A full listing of program details and notes can be found at the Raven website. Perennial favorites such as Darke’s In the Bleak Midwinter, Franck’s Panis angelicus, Rutter's Star Carol, and the Willcock's arrangements of Once in Royal David’s City and O Come, All Ye Faithful are complemented by less familiar but equally attractive works such as Philip Ledger’s A Little Child There Is Born, Andrew Carter’s Hodie Christus natus est, and Cecilia McDowall’s Before the Paling of the Stars. Of special interest are ﬁrst recordings of two works. Todd Parker, a tenor soloist with the Cathedral Choir, composed his exquisite Ave Maria in 2014 as a gift to the choir. The late McNeil Robinson’s arrangement of Silent Night is
elegant in its simplicity, discreet, fresh harmonizations, and ﬂoating descant.
Maxine Thévenot masterfully guides her singers in performances that are distinctive in their thoughtful, carefully crafted phrases, lovingly wrought with excellent diction, uniform balance, effective dynamic shading, and clean rhythm governed by well-controlled tempos. The sound is vibrant and clear. Organist Edmund Connolly, who is also a professional lyric baritone, collaborates in the accompanied numbers, balancing the ﬁne Reuter with technical skill and musical sensitivity.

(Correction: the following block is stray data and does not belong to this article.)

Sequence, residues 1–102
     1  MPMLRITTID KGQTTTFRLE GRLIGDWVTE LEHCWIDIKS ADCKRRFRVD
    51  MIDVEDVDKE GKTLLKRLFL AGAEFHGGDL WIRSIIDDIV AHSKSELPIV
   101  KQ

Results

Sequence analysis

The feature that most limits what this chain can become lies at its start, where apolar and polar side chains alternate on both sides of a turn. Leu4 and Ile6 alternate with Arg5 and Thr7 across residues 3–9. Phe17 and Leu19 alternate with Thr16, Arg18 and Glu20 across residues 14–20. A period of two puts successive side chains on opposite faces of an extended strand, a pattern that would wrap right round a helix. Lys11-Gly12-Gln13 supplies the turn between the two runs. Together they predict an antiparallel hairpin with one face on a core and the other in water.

Thévenot takes the organ bench in ﬁne performances of three contrasting settings of In Dulci Jubilo. Opening the program is Buxtehude’s setting (BuxWV 197) with its ornamented cantus. Concluding the program is J. S. Bach’s vigorous setting (BWV 729) made famous as the postlude of the annual King’s College Festival of Lessons and Carols. Robin Milford's setting serves as an interlude to the choral program. This is its first recording. Milford provides spicy harmonies that give a refreshing new cast to the familiar melody.
This recording will be a welcome addition to any Christmas collection.
Writes Donald Vroon in the American Record Guide, Fall, 2016:
We at ARG face Christmas in July and August every year, in the form of at least 50 CD issues. This one stood out for me. First of all, the choir is simply wonderful. They are beatuifully balanced and sound utterly natural--yet much of what they sing is quite sophisticated. Even much-recorded pieces like David Willcocks's arrangements of Once in Royal David's City and O Come All Ye Faithful are beautifully done--and never overdone. The choral director is Maxine Thevenot, and you will hear men, boys, women, and girls in various combinations. Even the soloists--fine as they are--are mixed, and someone named "Jordyn" may very well be a girl. It doesn't matter when they are so good.
Out of the 16 pieces (13 choral, 3 organ alone), I marked 7 that I especially liked, including some new pieces and arrangements. There were only 3 that I won't return to (all new). All 3 organ pieces are In Dulci Jubilo: Buxtehude, Milford and of course Bach--his ends the program gloriously.
Episcopal cathedrals are often great places for music.